How to Embrace Friluftsliv
The Norwegian concept of ‘free air life’ can be difficult to understand outside the Nordic countries. In Iceland, Sweden, Denmark, Finland and Norway, spending time outdoors is a way of life; most people feeling a close connection to nature that results in spending as much time as possible in the wilderness, whatever the weather. How can those who live elsewhere take inspiration from friluftsliv and learn to embrace the outdoors?
In Norway in particular, a greater value is placed on spending time outside. Basic survival skills and outdoor activities such as skiing and camping are part of children’s curriculums and the benefits of exploring the outdoors are taught from an early age. Leisure time with friends is often spent outside with an evening’s ski through the forest holding more appeal than staying inside and watching Netflix. Going outside and being among nature is an intrinsic way of life and the thought of hiding away indoors is perplexing.
You could put this down to surroundings. It is said that everyone living in Norway is no more than an hour’s walk from the wilderness, putting the population in perfect proximity for exploring the outdoors. If you have mountains, fjords and forests on your doorstop, why wouldn’t you spend all of your time outdoors soaking up the scenery?
Or perhaps the weather is a deciding factor in whether or not to step outdoors? Yes, it’s cold up north, but the Nordic lands spend most of the winter months dusted in a thick coating of snow. Not only does this look dramatic, but it also allows for winter sports such as skiing and sledging and is a vast improvement on rain.
Why wouldn’t you head outdoors if you’re confronted by dramatic snowy landscapes, filled with possibilities?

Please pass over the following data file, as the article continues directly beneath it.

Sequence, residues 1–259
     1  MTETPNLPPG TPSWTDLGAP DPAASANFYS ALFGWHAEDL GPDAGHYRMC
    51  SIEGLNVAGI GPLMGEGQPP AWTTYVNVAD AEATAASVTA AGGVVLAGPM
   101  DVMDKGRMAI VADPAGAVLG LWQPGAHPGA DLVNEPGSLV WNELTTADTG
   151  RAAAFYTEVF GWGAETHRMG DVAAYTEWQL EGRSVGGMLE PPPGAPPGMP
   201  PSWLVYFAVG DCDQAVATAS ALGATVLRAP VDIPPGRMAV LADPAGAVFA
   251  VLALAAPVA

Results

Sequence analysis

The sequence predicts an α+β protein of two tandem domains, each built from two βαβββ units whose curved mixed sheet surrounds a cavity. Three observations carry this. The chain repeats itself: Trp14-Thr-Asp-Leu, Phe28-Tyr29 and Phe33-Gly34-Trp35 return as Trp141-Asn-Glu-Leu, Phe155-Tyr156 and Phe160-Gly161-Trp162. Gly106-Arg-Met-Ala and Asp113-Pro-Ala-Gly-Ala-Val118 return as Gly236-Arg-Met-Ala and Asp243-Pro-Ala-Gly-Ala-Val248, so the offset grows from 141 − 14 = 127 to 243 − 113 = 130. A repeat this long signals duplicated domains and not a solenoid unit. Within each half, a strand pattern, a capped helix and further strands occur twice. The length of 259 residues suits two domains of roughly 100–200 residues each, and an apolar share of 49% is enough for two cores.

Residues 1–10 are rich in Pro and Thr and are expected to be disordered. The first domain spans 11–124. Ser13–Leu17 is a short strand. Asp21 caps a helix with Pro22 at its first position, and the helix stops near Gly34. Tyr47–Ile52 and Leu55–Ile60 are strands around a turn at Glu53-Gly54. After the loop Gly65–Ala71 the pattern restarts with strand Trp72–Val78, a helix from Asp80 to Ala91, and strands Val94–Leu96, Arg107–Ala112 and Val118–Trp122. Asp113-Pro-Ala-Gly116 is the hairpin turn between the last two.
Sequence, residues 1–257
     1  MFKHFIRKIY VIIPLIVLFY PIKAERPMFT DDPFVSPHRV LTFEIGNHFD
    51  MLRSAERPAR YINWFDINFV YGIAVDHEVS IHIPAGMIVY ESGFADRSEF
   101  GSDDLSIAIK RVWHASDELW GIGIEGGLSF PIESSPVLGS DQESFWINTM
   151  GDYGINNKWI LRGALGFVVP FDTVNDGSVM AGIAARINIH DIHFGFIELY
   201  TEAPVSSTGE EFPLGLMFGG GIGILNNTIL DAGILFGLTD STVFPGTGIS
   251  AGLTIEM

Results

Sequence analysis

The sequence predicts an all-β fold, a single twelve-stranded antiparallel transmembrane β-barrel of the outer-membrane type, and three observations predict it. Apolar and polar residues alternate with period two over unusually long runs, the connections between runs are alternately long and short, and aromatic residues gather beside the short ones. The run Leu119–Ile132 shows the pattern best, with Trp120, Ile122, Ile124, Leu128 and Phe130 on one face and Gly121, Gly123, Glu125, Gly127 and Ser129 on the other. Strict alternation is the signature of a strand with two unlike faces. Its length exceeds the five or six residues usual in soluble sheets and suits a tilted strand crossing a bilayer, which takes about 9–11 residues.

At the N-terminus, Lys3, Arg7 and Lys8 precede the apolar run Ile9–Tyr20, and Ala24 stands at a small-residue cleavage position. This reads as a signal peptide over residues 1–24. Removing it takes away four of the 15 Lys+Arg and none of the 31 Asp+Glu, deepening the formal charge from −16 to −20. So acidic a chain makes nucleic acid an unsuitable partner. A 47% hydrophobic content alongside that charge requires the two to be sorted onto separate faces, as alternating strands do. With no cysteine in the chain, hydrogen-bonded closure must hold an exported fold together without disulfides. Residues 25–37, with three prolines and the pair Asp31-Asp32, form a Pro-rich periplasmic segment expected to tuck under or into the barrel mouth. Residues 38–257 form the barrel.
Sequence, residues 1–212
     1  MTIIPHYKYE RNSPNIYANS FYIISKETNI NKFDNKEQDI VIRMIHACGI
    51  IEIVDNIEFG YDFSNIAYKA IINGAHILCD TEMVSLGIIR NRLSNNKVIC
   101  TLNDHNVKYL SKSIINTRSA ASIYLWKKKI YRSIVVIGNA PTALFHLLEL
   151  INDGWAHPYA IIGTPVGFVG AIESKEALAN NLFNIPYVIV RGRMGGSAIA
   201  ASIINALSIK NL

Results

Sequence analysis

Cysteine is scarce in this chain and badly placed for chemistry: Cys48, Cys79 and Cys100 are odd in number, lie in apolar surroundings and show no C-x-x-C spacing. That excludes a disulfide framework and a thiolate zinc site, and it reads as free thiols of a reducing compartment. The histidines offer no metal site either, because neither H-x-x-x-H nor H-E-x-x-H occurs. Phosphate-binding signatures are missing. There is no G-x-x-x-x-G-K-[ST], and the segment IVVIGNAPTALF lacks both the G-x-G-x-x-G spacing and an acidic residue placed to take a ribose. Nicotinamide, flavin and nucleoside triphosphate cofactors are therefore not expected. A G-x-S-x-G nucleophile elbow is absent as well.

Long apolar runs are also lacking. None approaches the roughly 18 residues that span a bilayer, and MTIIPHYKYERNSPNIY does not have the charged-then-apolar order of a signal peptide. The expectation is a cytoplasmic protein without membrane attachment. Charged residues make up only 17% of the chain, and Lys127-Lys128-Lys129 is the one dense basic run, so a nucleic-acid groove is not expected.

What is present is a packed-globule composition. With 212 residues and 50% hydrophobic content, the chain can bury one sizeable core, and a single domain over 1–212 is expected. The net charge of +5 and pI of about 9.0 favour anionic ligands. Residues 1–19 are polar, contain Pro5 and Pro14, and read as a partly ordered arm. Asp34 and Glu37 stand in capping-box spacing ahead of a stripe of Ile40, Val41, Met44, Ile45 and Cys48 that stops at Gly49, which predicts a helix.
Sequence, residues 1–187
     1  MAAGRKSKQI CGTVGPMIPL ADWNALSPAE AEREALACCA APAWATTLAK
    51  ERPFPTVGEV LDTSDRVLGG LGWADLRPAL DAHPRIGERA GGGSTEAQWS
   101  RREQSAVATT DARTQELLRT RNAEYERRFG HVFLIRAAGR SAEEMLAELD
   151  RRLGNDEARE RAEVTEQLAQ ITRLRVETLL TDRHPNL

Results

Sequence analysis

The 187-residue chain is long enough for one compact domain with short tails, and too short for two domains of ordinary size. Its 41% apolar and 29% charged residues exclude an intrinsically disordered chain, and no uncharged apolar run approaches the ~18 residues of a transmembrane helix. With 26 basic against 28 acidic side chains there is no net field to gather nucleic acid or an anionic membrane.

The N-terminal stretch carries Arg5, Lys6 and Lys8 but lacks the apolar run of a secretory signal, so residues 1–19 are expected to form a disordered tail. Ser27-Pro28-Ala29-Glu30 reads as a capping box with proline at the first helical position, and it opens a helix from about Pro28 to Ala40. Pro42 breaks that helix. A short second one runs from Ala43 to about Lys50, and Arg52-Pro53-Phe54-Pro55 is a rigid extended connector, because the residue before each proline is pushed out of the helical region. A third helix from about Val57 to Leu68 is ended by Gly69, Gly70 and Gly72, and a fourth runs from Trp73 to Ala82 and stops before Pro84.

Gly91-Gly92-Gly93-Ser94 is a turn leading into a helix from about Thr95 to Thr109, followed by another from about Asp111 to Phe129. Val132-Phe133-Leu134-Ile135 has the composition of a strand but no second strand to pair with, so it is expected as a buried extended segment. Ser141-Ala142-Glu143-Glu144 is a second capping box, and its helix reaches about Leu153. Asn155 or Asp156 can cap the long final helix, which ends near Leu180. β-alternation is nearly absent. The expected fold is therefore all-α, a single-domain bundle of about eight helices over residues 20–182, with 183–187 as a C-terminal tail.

I live in the north of England, in a city where I have to drive for almost an hour to find unspoilt countryside and towering peaks. It rains a lot and the winter months are usually filled with miserable weather and gloomy landscapes. Yet, I try to embrace friluftsliv in my everyday life and spend as much time as possible outdoors. I walk a lot and make it my mission to find easily accessible green spaces close to home, such as rivers or urban meadows. At the weekends, I hop on the train and within less time than it takes to watch one episode of my favourite TV show, I can be out in the open countryside. I walk up hills, along canals and across fields with my dog in tow.
Rather than making excuses (it’s raining, it’s too cold) or longing for more interesting landscapes, I take advance of what surrounds me. I wrap up warm in waterproof layers to make myself comfortable and spend time surrounded by nature. I spend entire days walking and photographing the landscapes that I encounter.
Even if you live in a bustling city and have no immediate connection to nature, you can still introduce a little friluftsliv into your everyday life. Try walking to work instead of using public transport, or walking to the next train station or bus stop if that isn’t an option. Invest in a warm, waterproof jacket that will help you feel comfortable outdoors in any weather condition. Avoid hiring a dog walker and enjoy the bonding experience of taking your own pooch for a walk. Try picking up a hobby that involves spending time outdoors, such as cycling or landscape photography.
There are many ways to help you embrace friluftsliv, or even just to start to open up to the possibility that there are many benefits to spending time outdoors. You don’t need dramatic landscapes and picturesque snow drifts to enjoy being outside, you just need to step out of the door and breathe in the fresh air.